A Paper Primer

>> Wednesday, October 8, 2008

Here's something you may not know: "The pulp and paper industry may contribute to more global and local environmental problems than any other industry in the world," according to the Natural Resources Defense Council (NRDC).

I had no idea. Paper seems like such a benign product! It's used for so many good things: making children's artwork, cleaning up messes, wiping our noses and butts...It's a natural, sustainable product, and unlike many other manmade things, paper biodegrades.

So what's so bad about it? In Garbage Land, author Elizabeth Royte explains:

"Virgin papermaking...depletes forests and their biodiversity, it uses more water than any other industrial process in the nation (more than double the amount of recycled papermaking), and it dumps billions of gallons of water contaminated with chlorinated dioxin and a host of other hazardous and conventional pollutants into rivers, lakes, and harbors....Each year, paper factories send 420 million metric tons of carbon dioxide, water vapor, methane, nitrogen oxides, and other heat trapping gases up through their smokestacks (and emissions are expected to double by 2020). Along with the gases come 38,617 pounds of lead and 2,277 pounds of mercury and mercury compounds."
And according to the NRDC, "Most of the world's paper supply comes from timber logged in regions with ecologically valuable, biologically divers habitat."

I've been wanting to "green" my paper products for awhile now, so here's my checklist for good paper:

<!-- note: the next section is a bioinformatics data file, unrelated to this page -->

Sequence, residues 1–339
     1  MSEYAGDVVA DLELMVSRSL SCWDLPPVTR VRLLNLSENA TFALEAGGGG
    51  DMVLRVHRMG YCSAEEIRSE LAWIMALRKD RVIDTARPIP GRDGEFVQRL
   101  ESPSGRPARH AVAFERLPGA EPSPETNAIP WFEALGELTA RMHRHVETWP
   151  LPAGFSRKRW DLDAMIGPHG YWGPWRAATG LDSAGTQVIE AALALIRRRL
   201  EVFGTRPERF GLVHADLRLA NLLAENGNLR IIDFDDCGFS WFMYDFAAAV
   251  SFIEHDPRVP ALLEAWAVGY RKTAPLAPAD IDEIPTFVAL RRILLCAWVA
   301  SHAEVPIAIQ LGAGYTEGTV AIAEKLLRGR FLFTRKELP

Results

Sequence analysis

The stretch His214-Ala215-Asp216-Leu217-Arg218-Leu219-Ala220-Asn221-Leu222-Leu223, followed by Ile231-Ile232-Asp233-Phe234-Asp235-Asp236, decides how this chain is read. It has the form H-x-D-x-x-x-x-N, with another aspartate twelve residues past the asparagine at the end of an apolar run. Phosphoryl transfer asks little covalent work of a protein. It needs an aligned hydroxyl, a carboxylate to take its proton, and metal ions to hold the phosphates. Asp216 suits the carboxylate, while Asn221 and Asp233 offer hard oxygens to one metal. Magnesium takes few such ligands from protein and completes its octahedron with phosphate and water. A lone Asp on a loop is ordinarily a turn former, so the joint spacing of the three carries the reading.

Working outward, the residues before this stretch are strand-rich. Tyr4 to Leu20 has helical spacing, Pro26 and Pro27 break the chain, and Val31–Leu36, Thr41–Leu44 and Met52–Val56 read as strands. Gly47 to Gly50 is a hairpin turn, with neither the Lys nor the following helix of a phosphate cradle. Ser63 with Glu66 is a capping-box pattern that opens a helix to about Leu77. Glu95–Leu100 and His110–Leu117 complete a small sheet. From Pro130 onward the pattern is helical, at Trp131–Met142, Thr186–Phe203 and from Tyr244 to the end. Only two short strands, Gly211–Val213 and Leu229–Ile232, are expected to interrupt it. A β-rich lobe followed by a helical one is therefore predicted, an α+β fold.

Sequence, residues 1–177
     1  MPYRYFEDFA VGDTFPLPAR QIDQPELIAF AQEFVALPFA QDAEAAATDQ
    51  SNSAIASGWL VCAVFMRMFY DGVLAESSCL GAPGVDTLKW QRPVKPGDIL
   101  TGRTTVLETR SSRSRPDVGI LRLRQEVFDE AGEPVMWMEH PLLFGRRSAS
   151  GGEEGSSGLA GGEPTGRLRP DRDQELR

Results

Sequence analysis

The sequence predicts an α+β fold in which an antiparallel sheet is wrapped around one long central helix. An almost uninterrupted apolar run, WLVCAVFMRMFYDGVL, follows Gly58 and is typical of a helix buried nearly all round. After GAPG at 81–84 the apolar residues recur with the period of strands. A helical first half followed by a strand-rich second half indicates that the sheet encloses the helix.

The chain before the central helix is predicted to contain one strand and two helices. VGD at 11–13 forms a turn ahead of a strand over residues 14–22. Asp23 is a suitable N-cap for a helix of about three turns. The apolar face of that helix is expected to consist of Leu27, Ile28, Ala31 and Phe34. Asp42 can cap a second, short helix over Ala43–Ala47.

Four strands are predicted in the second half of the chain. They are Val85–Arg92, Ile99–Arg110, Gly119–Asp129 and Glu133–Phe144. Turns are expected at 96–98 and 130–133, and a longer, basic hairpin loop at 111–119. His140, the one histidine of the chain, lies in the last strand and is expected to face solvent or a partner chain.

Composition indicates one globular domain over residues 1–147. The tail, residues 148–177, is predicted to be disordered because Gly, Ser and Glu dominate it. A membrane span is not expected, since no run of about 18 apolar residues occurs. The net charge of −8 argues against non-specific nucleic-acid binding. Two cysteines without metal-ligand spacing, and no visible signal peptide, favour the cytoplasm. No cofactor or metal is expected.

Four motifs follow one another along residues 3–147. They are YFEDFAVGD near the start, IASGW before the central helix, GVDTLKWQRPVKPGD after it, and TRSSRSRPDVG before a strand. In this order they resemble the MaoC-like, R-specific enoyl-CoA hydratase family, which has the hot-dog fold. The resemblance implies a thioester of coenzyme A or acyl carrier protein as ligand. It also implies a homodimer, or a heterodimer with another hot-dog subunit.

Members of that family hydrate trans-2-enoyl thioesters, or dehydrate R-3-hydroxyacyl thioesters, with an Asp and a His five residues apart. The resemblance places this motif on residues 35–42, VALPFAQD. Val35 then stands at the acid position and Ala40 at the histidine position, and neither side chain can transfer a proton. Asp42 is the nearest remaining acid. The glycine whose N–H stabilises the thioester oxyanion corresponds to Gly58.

1. Recycled. There are two types of recycled content: post-consumer and pre-consumer. Post-consumer content refers to the paper collected from household and office recycling. In other words, the consumer has already used it once. Pre-consumer content refers to the extra paper scraps produced in the paper manufacturing process. The higher the post-consumer content, the better.
  2. FSC certified. This means that the trees used to make the paper come from forests certified by the Forest Stewardship Council and indicates that a forest is sustainably managed.
  3. Processed Chlorine Free. This means that the paper was produced without chlorine. Chlorine bleaching produces dioxins, which are a toxic substance. (But don't think this means your paper is going to be grey. Most recycled paper is still whitened using other chemicals.)
Other thoughts to consider:
  • Reduce, reuse, recycle...in that order. I used to have the attitude that I didn't have to think about how much paper my family was using because we were recycling it all anyway. Sorry folks, that's the wrong attitude, and I've since seen the error of my ways.
  • Paper can only be recycled four to nine times. After that, the fibers become too short to be used again.
  • Recycled paper products are generally more expensive than their virgin paper counterparts. (This is in part due to government subsidies for the timber industry.) If you don't think you can afford to switch to all recycled paper products, I personally think it's most important to use recycled toilet paper, facial tissues, and paper towels because those products cannot be recycled. But that's just my opinion.
  • When you buy recycled products, it lets the paper industry know that you value those products, recycled paper products will become more readily available, and generally that means they will be cheaper.
The National Resources Defense Council provides an extensive shoppers' guide for paper products, and The Green Guide has created a "Smart Shoppers Card" that you can print out (on recycled paper!) and take with you when you go shopping.

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